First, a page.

The father walked in carrying his young son, who was perhaps three years old, approached the counter, ordered, carried his son to get a highchair, and having arranged the highchair and his son so they faced the front windows, sat down at a table in the corner. There was nothing special about his routine. He helped his son eat his breakfast, tossing small bits of his own food into his mouth as time allowed. He talked quietly to his son, pointed out cars as they drove by, gently rubbed his shoulders and tried to soothe him when he cried out, which he did at seemingly random times. For more than an hour father and son sat at that table in the corner, off by themselves, enjoying their time together, which time was punctuated by the son’s occasional cries.
Seated more centrally was a man dividing his time between his computer and the father-son duo who had come for his college-admissions coaching. There was no pretense of breakfast at this table. It was all business. The father leaned in and carefully noted the college-admissions coach’s every word. The father asked questions on behalf of his son, who was like most 18-year-olds at 9:00 AM on any Sunday morning, groggy, unkempt, and only vaguely engaged in anything academic. In response to comments and advice from the college-admissions coach, the father would turn and ask the son for clarification or confirmation. The passed papers back and forth. The college-admissions coach shared what he labeled “privileged and private information” about a variety of colleges and their practices (most of this information he read from a browser window on his laptop, so I don’t know how privileged or private it really was). The coaching lasted nearly an hour. When it ended, the father and son stood, shook the coach’s hand and thanked him for his expertise, and expressed how much better they felt about the son’s chances to get into a good school.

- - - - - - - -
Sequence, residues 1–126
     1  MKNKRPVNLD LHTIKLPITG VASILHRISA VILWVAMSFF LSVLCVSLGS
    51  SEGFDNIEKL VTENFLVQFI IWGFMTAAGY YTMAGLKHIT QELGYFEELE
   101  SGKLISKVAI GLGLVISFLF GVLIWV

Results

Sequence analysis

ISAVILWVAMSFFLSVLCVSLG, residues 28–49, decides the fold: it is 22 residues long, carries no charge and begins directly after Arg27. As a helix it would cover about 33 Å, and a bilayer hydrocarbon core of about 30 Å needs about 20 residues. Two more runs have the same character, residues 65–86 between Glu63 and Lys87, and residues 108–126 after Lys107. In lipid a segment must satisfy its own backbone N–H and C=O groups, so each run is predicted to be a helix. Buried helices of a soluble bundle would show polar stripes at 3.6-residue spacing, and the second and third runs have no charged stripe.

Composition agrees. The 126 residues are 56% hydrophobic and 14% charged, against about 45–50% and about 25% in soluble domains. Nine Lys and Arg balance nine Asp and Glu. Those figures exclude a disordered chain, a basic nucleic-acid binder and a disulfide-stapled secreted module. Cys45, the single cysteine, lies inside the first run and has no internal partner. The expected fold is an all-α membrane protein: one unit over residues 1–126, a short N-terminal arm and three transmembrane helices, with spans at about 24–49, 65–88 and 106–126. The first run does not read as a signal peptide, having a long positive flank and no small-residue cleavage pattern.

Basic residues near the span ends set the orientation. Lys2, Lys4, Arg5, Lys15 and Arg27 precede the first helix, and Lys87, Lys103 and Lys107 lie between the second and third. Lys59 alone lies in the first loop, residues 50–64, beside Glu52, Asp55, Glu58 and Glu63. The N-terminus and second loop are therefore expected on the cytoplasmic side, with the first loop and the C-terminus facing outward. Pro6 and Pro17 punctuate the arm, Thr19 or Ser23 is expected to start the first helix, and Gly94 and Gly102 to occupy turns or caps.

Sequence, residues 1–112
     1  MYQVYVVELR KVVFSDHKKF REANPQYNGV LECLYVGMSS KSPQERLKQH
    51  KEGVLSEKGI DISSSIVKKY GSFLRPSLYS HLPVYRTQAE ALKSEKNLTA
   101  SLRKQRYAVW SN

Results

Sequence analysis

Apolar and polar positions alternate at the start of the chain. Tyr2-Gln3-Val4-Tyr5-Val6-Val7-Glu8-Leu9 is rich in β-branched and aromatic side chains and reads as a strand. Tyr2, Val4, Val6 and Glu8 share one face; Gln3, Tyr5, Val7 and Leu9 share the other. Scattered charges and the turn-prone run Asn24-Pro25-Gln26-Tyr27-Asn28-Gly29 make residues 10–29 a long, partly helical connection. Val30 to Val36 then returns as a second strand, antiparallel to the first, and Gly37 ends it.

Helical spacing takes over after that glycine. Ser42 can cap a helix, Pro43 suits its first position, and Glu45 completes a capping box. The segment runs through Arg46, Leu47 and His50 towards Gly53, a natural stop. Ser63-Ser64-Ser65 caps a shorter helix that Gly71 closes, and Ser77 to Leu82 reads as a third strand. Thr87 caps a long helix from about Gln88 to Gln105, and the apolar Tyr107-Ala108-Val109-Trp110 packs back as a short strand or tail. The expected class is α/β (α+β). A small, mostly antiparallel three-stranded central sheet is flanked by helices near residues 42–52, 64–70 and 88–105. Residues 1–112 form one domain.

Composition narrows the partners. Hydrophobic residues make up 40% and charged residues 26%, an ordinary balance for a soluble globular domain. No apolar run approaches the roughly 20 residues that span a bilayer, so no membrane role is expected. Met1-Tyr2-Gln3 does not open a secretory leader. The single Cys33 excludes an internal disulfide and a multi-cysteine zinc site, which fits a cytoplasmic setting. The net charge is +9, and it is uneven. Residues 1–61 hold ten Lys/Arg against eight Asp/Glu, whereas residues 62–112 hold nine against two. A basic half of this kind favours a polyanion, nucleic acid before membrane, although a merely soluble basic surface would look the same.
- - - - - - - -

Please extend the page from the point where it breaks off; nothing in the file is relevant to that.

Both fathers shared a deep commitment to and love for their sons. They have taken an active interest in raising their sons. They had carved out part of a Sunday morning to spend with their sons. Whatever feelings of love and nurturing unite them, however, will never bridge the chasm of experience that separates them.
The father in the corner is the father of special needs son. While there may be many reasons for having chosen the table off by themselves in the corner, their spatial marginalization seems to reflect the social marginalization that we as a society impose on people with special needs. That father and his son will probably never have the chance to meet with a college-admissions coach, they will never have the opportunities most of us take for granted. The other father-son pair’s central location seems to make physical our society’s norms and expectations, in this case about attending college. Part of the mainstream, they will never understand life at the margins. Their vague looks of annoyance when the boy in the corner would cry out and interrupt their conversation are perhaps understandable, certainly telling, but unfortunately not compassionate.
Our experiences of fatherhood are so very different. How we love one child is not how we love another. That lesson came home this morning watching two fathers love their sons in different and incommensurable ways.